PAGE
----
Tuesday, January 5, 2010

A more conventional "sermon"

I don't ordinarily use "scripture" as a basis for these but:

"And Jesus went into the temple of God, and cast out all them that sold and bought in the temple, and overthrew the tables of the moneychangers, and the seats of them that sold doves, And said unto them, It is written, My house shall be called the house of prayer; but ye have made it a den of thieves."

– Matthew 21:12-13

I am always reminded of this (by far my favorite view of Jesus the activist) because my long-time crime partner/mentor David "Buck" Wheat often said "the music business is in the hands of the money changers" and that is brought home really strongly by musings concerning the monetization of so-called "intellectual property rights" and their accompanying baggage: copyrights/patents.

The continuation of middle-persons 'twixt creators/purveyors/consumers of such things as literature and music is right nigh onto unbearable. Their near-destruction of peer-to-peer file sharing, etc. has turned art into commerce of a kind that allows obscene profiting by people who add absolutely no value to the undertakings.

The tedium interposed by banks/insurers/publishers clearly stifles both competition and innovation and a system of usable/efficient micropayments is long overdue. The idea that Apple is propped up by charging a buck for a song and the composer gets a couple pennies is just criminal/unethical/immoral.

The original reasons that "publishers" got anything out of people accessing creative works were: they actually DID something; it was mistakenly thought that copyright would protect the creator and encourage innovation, etc. Neither of these has worked out: they don't "publish" anything tangible; they stifle innovation through monopoly.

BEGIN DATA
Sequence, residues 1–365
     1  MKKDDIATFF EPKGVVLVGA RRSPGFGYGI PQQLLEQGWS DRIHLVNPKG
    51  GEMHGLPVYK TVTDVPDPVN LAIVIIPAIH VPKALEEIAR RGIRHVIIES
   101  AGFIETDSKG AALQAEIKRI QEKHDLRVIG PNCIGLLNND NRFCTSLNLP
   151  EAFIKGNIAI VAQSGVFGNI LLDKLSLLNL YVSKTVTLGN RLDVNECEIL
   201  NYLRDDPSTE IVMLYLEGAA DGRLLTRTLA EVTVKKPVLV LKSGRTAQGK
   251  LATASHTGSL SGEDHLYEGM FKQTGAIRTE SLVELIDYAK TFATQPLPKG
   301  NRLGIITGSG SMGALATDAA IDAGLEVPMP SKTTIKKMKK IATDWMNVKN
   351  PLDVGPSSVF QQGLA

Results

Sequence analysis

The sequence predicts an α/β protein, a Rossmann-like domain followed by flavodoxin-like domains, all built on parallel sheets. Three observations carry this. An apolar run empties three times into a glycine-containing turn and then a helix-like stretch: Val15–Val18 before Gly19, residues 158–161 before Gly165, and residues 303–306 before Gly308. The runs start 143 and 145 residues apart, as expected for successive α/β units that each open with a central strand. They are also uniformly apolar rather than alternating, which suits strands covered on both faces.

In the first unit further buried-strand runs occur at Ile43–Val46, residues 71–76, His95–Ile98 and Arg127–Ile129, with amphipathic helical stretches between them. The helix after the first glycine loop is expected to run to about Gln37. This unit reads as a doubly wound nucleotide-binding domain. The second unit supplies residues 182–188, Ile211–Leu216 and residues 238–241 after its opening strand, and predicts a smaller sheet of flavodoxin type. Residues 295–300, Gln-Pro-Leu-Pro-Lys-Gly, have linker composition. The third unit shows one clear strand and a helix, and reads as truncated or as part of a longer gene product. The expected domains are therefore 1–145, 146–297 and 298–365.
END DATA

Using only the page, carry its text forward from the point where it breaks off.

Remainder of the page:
If only Napster had included a way to send someone a penny when their stuff got shared, it would have brought an earlier demise of the blood-sucking privateers who pretend to be doing something useful.

We have a World Wide Web now and don't need to fatten a bunch of parasites who brand us as "pirates" to hide their own piracy. In another era those who actually did something for the artist might deserve compensation but the idea that for all time Irving Mills is listed as a co-composer on Duke Ellington's work is plainly absurd.


1 comment:

Joshua Allen said...

Timely post! DJ Shadow, who is a true legend for my generation, recently ranted about this very issue: http://www.djshadow.com/news/shadows-starting-new-year-bang-check-out-his-latest-journal-entry-here. He was promptly skewered by fans, but I was personally impressed that he wove together Nas, Jay-Z, and angel dust into a single post.

BTW, happy belated birthday! We miss you here in Seattle, but glad you're keeping up the sermons.